Banks can also tackle the cost issue through the strategic choices they make. For smaller players, it may be more profitable to outsource their payments business to larger, more efficient players that can capitalise on scale economies. Alternatively, they may choose to focus on specific market niches. But more importantly, if we can use SEPA as an IT platform for the development of e-invoicing and other value added services linked to the payment chain, then the potential savings for corporate customers are very substantial indeed.
In my view, banks with their strong marketing power, secure payment systems, traditional customer links and inherent role in the payment chain are in pole position to develop and win this business. Certainly, these services are already very profitable for banks in Scandinavia and I see no reason why this success cannot be exported to the rest of Europe.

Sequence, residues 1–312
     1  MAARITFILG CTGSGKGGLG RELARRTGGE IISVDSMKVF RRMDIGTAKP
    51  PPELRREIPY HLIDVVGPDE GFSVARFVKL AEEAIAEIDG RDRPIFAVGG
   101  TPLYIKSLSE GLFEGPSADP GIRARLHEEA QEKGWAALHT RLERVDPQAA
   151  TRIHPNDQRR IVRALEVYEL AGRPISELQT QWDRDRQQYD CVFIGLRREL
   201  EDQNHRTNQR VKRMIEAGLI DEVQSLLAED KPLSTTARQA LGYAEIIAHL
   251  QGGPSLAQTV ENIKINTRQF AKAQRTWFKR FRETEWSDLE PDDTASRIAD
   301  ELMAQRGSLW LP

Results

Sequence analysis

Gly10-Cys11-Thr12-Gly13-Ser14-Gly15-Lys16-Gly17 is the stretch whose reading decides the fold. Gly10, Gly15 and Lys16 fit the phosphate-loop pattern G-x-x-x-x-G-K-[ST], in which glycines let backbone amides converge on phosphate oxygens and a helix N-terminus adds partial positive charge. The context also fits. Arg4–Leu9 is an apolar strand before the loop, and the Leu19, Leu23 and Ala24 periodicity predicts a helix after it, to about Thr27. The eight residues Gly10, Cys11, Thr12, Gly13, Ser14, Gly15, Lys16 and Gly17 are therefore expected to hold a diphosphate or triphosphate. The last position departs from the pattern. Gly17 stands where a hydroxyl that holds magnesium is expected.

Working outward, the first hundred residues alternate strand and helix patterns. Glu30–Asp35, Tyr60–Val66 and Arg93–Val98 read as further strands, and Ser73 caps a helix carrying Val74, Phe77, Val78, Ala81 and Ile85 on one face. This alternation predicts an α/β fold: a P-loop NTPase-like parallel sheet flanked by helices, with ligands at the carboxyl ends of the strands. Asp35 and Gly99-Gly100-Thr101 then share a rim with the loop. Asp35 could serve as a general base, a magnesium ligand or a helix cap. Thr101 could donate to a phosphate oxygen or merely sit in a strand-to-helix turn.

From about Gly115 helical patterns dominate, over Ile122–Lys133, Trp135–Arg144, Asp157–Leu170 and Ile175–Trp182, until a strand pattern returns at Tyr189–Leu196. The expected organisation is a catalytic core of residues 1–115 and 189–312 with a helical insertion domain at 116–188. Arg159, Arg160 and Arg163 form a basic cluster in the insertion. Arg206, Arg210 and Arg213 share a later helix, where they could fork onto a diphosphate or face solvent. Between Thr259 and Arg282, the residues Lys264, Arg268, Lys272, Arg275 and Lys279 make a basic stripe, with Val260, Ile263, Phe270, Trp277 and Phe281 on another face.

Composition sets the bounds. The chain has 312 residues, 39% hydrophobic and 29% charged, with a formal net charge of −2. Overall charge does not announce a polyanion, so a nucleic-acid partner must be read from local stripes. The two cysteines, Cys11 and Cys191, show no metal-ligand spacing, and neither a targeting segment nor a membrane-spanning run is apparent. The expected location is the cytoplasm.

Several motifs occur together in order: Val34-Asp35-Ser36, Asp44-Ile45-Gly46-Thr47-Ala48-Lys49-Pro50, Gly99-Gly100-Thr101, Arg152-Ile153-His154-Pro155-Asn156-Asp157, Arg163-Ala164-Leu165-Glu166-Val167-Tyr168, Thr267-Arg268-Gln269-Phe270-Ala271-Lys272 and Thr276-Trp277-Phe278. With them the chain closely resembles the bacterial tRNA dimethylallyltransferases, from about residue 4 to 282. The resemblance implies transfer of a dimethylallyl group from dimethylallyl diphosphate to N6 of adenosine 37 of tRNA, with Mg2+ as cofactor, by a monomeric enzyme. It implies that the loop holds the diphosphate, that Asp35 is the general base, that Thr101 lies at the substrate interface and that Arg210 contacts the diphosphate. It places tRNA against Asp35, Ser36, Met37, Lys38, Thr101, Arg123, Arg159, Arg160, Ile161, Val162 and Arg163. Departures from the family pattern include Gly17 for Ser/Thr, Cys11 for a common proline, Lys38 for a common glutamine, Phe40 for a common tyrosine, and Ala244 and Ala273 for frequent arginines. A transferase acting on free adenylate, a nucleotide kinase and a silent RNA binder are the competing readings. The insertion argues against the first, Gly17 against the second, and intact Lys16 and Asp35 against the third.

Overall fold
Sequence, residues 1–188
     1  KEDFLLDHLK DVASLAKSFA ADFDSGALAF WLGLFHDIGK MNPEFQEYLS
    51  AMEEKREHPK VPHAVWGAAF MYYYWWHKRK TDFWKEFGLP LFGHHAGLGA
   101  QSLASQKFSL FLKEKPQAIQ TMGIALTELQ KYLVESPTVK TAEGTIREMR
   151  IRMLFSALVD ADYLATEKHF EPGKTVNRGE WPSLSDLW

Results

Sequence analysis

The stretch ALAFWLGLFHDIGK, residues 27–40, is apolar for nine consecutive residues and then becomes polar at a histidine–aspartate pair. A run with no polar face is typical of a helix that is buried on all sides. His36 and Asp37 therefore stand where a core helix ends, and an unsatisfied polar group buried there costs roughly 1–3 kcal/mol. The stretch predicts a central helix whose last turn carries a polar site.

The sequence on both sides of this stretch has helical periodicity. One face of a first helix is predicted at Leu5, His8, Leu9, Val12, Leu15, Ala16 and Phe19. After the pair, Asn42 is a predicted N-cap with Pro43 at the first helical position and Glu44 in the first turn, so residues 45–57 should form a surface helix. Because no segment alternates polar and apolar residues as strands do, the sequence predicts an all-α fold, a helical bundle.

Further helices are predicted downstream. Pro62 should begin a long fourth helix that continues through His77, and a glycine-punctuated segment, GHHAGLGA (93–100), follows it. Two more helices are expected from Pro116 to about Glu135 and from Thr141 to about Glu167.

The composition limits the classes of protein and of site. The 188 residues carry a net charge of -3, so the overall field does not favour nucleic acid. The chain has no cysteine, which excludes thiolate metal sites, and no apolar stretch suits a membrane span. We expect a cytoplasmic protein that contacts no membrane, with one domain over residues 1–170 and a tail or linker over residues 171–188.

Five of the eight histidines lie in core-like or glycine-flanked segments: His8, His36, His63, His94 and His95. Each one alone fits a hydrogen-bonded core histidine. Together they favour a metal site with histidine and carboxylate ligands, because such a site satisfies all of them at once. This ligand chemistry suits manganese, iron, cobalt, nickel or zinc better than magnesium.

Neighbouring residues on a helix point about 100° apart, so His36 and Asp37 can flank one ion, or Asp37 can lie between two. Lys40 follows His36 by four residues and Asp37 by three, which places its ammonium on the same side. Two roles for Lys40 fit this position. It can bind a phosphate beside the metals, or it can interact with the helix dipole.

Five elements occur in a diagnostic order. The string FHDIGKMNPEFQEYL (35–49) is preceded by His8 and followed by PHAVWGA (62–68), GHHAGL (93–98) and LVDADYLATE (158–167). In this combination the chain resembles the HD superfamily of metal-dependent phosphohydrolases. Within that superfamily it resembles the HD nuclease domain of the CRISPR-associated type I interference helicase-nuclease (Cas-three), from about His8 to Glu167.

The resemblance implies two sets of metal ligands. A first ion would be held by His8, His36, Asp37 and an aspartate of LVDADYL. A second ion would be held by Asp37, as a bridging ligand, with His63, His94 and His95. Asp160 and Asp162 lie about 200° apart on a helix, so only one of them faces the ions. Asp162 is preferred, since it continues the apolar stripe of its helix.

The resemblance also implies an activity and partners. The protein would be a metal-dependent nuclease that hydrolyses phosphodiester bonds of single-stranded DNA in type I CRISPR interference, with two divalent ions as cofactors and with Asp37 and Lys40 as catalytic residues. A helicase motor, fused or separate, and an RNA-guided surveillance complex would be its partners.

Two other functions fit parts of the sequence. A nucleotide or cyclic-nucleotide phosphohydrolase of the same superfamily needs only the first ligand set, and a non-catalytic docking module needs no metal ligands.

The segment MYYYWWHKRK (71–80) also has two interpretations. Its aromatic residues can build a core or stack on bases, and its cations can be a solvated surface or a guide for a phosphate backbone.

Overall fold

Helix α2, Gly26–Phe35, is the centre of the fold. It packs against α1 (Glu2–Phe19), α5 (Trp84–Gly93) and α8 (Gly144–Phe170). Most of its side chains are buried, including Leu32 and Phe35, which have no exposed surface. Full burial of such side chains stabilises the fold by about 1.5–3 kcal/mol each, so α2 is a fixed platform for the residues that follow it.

I have just talked about the concerns bankers have expressed to me about SEPA, but before I close, I should like to reverse roles and share three concerns of mine with you.
The first relates to the take up of the new SEPA products by administrations and corporate users. This take up will only happen if payment service providers go and see the users to explain to them what the added-value of the new SEPA products will be. It is in the interest of the banking industry to do this as a matter of urgency. The sooner the users are convinced of the advantages of SEPA, the shorter the migration period will be. In other words, a shorter period during which banks will have to bear the costs of running two parallel payment systems. So I hope the industry will take the bull by the horns and convince the users to migrate to SEPA as soon as possible.
The second concern is the cards market. Clearly SEPA should allow what I will call an "any card, any terminal" approach. I must declare a personal interest- my wallet is full of cards and I look forward to the day when I can slim this down.